Literary criticism creates a relationship between reader and writer

Bhalla, simply put it, literary criticism helps discriminate between what matters and what doesn’t matter.

Tooba Masood February 12, 2012


Anyone who has ever studied English literature at school must have – at one point or another - pulled their hair out in despair to ask, why, why must we study literary criticism? Why is it important?

Well, as the visiting professor from the Ambedkar University in Delhi, Alok Bhalla, simply put it, literary criticism helps discriminate between what matters and what doesn’t matter.

While speaking at a session on literary criticism on the second day of the third Karachi Literature Festival, Bhalla said that the discrimination helped society grow.

The session kicked off a little late as the moderator tried to get the room temperature to warm up and Hanif Kureishi was busy signing books and checking his iPhone. As the panel and audience settled down, the nervous moderator Maniza Naqvi introduced herself as a fiction writer, ‘an imposter’, and said that she wanted to know what good was literary criticism? Critic and writer Muneeza Shamsi took the question head-on and said that there were two reasons. “For one thing, I lived in Pakistan when there weren’t any reviews or books which was very difficult for an avid reader like me,” she said. “The second is that from a historical context – the progressive writers’ movement, for example, transformed our literature.”

For German journalist and translator Stefan Weidner, literary criticism was like a discussion on literature. “When I write a review, it is like starting a discussion with the reader and author,” he said. “There is a different understanding of literary criticism in English; it’s not just about opinions. It has to have understanding, research and opinion.” Weidner has specialised in reviewing Oriental literature ie Arabic and Farsi for German dailies. He added that he would like to review Urdu books translated into German but there weren’t many available.

As the rest of the panel was busy talking on the how and why of literary criticism, a restless Kureishi sat quietly drinking his coffee. After everyone had said their two bits, Naqvi passed the microphone to Kureishi, who said that as a teacher he felt that young writers should write with readers in mind. “Say, you read someone’s book and say, well, the reader needs to have this information, he needs to know this… In this sense I don’t think of criticism as a critique,” he said. “For the young writer, it is like a set of instructions. It is important for young writers to have early readers.”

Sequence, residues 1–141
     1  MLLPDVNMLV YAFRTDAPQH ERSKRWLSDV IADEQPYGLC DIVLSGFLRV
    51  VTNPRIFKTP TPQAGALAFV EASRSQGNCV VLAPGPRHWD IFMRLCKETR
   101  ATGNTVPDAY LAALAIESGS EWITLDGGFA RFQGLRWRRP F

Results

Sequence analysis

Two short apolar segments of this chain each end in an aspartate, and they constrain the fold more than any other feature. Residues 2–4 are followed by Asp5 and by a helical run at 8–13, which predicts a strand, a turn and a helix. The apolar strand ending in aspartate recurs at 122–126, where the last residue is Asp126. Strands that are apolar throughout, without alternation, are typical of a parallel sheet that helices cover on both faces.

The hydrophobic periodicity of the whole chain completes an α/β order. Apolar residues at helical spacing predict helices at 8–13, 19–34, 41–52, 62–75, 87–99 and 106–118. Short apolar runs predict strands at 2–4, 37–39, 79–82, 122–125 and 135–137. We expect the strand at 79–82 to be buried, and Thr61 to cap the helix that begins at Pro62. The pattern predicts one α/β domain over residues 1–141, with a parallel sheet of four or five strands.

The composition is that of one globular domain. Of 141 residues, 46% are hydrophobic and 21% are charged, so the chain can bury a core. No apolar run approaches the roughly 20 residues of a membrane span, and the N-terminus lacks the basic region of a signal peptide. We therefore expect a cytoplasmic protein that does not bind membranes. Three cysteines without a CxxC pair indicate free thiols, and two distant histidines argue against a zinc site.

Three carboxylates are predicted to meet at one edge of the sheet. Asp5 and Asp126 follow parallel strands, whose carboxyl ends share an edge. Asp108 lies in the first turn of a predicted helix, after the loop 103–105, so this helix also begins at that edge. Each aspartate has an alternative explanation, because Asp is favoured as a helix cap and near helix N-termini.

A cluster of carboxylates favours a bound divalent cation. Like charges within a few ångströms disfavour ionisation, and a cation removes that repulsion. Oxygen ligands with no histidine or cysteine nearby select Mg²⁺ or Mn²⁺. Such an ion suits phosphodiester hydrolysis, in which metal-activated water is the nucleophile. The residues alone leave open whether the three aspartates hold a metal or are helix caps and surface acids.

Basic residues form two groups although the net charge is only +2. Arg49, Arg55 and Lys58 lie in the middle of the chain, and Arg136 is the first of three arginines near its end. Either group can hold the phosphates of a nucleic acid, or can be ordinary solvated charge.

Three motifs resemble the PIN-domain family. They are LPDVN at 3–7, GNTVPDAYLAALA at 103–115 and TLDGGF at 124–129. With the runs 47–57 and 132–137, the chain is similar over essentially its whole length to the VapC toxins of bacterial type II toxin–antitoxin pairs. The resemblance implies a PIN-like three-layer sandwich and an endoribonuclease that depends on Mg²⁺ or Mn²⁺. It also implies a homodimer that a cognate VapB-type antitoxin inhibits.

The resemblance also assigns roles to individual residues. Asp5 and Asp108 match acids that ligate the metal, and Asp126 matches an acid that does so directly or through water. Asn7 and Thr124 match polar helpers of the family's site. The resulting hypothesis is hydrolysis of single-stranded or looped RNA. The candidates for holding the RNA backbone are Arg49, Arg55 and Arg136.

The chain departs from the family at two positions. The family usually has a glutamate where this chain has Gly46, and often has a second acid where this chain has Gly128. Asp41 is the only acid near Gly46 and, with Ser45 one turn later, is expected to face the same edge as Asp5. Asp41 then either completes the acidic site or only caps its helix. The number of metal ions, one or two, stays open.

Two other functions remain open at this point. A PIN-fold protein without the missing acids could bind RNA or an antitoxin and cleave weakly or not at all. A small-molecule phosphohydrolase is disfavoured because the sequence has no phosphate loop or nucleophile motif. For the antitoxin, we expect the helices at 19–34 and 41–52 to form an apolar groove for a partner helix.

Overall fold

Writing 101

While talking about how she had no idea what sort of questions to prepare to the session, Naqvi mentioned that in a discussion with journalist Mirza Waheed she learnt that Kureishi’s ‘Dreaming and Scheming’ explained the process of writing and how the author communicates. According to Kureishi, it was about the experience of being a writer and about how isolating writing could be. She went on to ask the panel to explain how they would understand the reader’s choice if they didn’t have a good critic.

For Bhalla, the function of a novelist was not to write an essay. He explained his point a little more by giving the example of India author Chetan Bhagat, who according to him does not need a literary critic, just a reader. “The writer and the critic have a dynamic relationship. It is not worthless,” he said. “Some of the best writers, TS Elliot, for example, were very good critics and very self conscious of the literary tradition; so, there is always this relationship.” He added that weak literary criticism reflected a weak literary tradition. Take the example of Samuel Beckett’s Waiting for Godot, he added. “My Beautiful Launderette by Kureishi is important, because it brings new idiom, culture.”

Weidner gave the example of James Joyce. He said that Joyce’s Ulysses was translated in German fairly early because of the sexually explicit content but received bad reviews in the 1920s because it was a difficult book for the reader. He added that one literary critic even referred to it as a strange book. According to Kureishi, it was a matter of taste, not opinion. He said that if you read Re Joyce by Anthony Burgess it would tell you all you need to know. “Most criticisms are dead and worthless – neither here or there,” he said.

The question-answer session was rather amusing as a gentleman got up to ask if the critics and their criticism had killed Keats, to which Kureishi rolled his eyes and said, “I don’t understand the question.” As the discussion steered towards what the reader preferred to read, Weidner said that the readers were not stupid. He added that some of the best-selling books got the worst reviews.

Writer Bina Shah asked Kureishi how his Facebook project was coming up. She said that she had read somewhere that he was going to launch a Facebook page where young writers would be able to write and share their material. He said that he hadn’t had a chance to check up on it as he got busy with the KLF but would do so when he got back.

Towards the end of the session, Naqvi asked the panel if a writer had to be dead for 100 years to be important, to which Shamsi responded that it was not so. She gave the example of Salman Rushdie and Midnight’s Children, which has won the Booker of all Booker prizes.

Published in The Express Tribune, February 13th, 2012.

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